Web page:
Staff proposes new Homeless Operations Center and Homeless Division; oversight committee also suggested

SAN LUIS OBISPO COUNTY — The San Luis Obispo County Board of Supervisors met for its regular meeting Tuesday, April 19, with the most notable agenda item being in the afternoon session, when the board fielded a request to provide direction to the staff in regards to the countywide (and statewide) issue of homelessness.

After the board reconvened for the afternoon session, Joe Dzvonik, the principal homeless analyst for the county, introduced his presentation on the topics staff was seeking direction on. They included:

  • Update on the Aug. 10, 2021, Spending Plan on Homeless Initiatives
  • The draft San Luis Obispo Countywide Strategic Plan to Address Homelessness
  • Approval for staff to evaluate development of a proposed County Homeless Operations/Coordination Center
  • Approval for staff to pursue the establishment of a Homeless Division with the County Department of Social Services

Assisting in the presentation was Atascadero City Councilmember Susan Funk, who is also chair of the board’s Homeless Services Oversight Council.

Getting through this together, Atascadero

Funk outlined the services being provided to the homeless currently, including shelters, the safe-parking policy, housing support, and outreach, but said while year-round emergency capacity increased 73 percent in the past year, the county can still house only 20-30 percent of those considered homeless.

“Essentially, we brought a garden hose to a house fire,” Funk said.

Dzvonik continued with the presentation, proposing a Regional Homeless Action Committee comprised of county staff, city managers, and nonprofits. He also suggested the proposed Homeless Operations/Coordination Center be placed at the Oklahoma Avenue building that used to be home to the former Animal Services Center.

During supervisors’ questioning, 1st District Supervisor John Peschong welcomed the attempt to get different departments and organizations together on the homeless issue, noting there are 17 programs aimed at helping the homeless, and they are spread out over 15 departments.

One issue that Peschong had is that efforts to help the homeless can be hindered by addictions or mental health problems a homeless person may have.

“In the core of the homeless program, they’re not in shelters because of addiction or mental health,” he said. “They won’t seek help, and we don’t have a way to compel them to do so.”

Dzvonik said he has discussed with other counties their efforts to push people to seek treatment, but the results have been mixed.

District 5 Supervisor Debbie Arnold echoed Peschong’s sentiments about the homeless efforts being hindered by addictions and mental health, and suggested another group might be added to the RHAC.

“In this group, let’s not forget the people in our hospitals,” she said. “We need to work with them and with law enforcement. We need a way to get people help and people aren’t willing to participate.”

The item then went to public comment, which drew a large number of people waiting to weigh in on the topic, including many city officials.

One idea brought up multiple times during public comment was the proposal to establish a Citizen’s Oversight Committee to advise the board on homeless issues. Among them was Sam Blakeslee.

“We would like to add the [oversight committe],” he said. “There needs to external oversight.”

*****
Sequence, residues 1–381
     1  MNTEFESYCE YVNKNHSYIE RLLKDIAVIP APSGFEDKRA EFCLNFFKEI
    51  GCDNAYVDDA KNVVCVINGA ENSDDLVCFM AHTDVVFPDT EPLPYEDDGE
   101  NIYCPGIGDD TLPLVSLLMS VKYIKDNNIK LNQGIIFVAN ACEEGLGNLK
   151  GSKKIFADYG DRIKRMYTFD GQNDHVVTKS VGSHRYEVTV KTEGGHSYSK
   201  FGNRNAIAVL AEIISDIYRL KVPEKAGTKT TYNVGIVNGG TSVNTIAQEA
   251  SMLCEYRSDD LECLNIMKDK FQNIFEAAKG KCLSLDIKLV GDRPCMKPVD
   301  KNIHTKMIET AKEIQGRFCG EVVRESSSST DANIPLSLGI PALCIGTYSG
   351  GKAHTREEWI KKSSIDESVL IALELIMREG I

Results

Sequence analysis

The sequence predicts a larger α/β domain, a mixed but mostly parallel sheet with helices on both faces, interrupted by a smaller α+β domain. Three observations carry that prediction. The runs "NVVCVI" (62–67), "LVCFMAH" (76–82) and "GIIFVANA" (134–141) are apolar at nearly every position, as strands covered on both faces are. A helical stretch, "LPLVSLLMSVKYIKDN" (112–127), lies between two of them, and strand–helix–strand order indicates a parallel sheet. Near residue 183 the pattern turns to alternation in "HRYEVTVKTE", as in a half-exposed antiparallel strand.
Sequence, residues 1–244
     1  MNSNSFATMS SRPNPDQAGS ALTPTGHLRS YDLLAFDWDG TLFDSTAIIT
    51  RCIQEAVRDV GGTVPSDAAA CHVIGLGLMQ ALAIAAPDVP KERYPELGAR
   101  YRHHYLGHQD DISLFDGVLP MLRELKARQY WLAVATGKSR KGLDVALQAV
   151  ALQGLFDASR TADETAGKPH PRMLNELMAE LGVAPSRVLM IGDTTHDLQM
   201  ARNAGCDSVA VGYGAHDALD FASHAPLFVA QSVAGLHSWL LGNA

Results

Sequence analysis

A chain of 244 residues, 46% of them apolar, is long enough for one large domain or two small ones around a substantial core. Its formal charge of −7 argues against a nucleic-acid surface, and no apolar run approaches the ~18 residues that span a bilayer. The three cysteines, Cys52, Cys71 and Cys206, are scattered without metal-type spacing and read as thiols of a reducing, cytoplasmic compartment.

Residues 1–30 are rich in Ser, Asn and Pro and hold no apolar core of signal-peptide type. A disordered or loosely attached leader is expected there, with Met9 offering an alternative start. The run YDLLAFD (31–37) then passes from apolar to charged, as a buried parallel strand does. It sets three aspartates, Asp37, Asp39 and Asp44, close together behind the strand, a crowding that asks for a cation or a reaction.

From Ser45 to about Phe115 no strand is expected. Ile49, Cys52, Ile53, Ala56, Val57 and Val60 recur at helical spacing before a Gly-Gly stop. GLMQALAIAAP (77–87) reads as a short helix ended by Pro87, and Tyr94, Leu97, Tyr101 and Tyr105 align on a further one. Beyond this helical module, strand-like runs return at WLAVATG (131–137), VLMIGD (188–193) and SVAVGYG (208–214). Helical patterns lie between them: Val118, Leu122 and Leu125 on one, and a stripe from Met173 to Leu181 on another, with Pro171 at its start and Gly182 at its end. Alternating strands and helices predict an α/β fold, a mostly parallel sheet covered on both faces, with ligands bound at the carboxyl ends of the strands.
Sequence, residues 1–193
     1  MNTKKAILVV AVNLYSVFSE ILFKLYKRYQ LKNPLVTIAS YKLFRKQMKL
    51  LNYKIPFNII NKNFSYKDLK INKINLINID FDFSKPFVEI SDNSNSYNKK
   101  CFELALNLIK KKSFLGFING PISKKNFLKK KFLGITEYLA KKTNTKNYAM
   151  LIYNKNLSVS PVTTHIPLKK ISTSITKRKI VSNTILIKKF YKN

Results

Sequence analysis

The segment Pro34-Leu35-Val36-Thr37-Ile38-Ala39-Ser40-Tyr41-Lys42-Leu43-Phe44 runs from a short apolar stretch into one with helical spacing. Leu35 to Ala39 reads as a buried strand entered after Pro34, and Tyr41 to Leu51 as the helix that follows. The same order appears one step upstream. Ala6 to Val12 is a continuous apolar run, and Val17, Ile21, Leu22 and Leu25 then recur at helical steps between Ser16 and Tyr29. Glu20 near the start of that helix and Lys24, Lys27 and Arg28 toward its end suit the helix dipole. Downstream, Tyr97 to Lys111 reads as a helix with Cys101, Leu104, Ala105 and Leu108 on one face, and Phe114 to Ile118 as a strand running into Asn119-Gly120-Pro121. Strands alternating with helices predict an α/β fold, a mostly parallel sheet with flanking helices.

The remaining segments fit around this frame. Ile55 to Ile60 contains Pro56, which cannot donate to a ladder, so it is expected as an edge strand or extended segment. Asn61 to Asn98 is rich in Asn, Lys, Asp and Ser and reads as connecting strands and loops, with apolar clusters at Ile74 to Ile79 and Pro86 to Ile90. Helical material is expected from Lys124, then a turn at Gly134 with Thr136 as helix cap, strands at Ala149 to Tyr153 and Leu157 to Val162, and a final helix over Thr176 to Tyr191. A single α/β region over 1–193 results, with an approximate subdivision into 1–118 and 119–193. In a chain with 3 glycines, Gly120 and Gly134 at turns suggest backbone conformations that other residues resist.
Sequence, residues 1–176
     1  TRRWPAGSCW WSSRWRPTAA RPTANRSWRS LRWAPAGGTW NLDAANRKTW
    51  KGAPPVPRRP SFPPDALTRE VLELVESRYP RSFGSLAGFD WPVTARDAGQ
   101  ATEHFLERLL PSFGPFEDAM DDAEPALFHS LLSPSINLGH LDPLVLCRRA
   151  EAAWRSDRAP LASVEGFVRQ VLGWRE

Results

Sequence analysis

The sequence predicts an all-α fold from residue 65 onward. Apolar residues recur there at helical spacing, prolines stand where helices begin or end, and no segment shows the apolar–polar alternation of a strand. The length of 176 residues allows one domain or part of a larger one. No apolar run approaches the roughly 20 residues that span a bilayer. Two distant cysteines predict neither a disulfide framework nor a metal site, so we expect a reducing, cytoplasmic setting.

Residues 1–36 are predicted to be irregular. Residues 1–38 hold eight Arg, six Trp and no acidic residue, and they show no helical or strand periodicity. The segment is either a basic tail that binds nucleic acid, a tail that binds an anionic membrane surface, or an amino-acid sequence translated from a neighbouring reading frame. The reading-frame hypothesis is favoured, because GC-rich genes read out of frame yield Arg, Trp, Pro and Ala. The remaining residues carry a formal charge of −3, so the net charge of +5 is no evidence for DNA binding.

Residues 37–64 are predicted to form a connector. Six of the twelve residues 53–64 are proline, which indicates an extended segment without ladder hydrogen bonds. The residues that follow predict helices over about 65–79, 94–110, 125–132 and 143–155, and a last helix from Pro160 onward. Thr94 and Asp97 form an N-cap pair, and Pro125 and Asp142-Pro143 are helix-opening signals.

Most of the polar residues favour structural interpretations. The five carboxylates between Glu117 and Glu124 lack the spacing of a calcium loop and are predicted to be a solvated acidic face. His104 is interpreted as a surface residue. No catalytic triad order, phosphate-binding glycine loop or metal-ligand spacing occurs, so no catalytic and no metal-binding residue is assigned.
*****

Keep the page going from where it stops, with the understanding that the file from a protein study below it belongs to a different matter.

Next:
Michael Renault of Templeton brought up the issue from another point of view, reading a statement from his partner Valerie Stern, a mental health worker, who was injured being thrown from her horse during a trail ride. The horse was allegedly spooked by a couple of dogs in the Salinas Riverbed, and afterward was verbally confronted by a homeless person. 

Stern’s statement, read by Renault, said that filing a report with the sheriff’s office was “an ordeal” and animal services said they couldn’t do anything about the dogs.

“These homeless have been here for years now,” Stern’s statement continued. “They’re not trying to pull themselves up and use the system. They are choosing this lifestyle.”

The next speaker, Lindy Owen, a frequent advocate for the homeless at county meetings, said the story from the Salina Riverbed was a reason why the county needs to find facilities for the homeless.

Owen also was pleased with the overall proposal from the county.

“This is nice to see,” she said. “The only thing is there’s a lot of cooks in the kitchen. We need to pare that down.”

After public comment, the supervisors wrapped up with their comments.

District 3 Supervisor Dawn Ortiz Legg addressed the issue of some homeless not getting help, and suggested that may not necessarily be the case.

“I was told about a person in a warming center who came out of the riverbed several times before he agreed to get help,” she said. “I think it’s not that they won’t get help, but they just don’t realize the resources are there.”

District 4 Supervisor Lynn Compton was happy with what was proposed, but warned they can’t really do it step-by-step.

“I was concerned that we were talking about housing first before treatment,” she said. “They need to happen at the same time.”

All the supervisors agreed with the concept of a citizen’s oversight board, although Compton wanted to make sure it wouldn’t get too large (“They can get too big and ineffective”), and District 2 Supervisor Bruce Gibson wondered if the HSOC could somehow be turned into some kind of advisory board.

The supervisors directed staff to go forward on the four aspects introduced by Dzvonik, and added in an evaluation of a potential citizen’s oversight board before adjourning.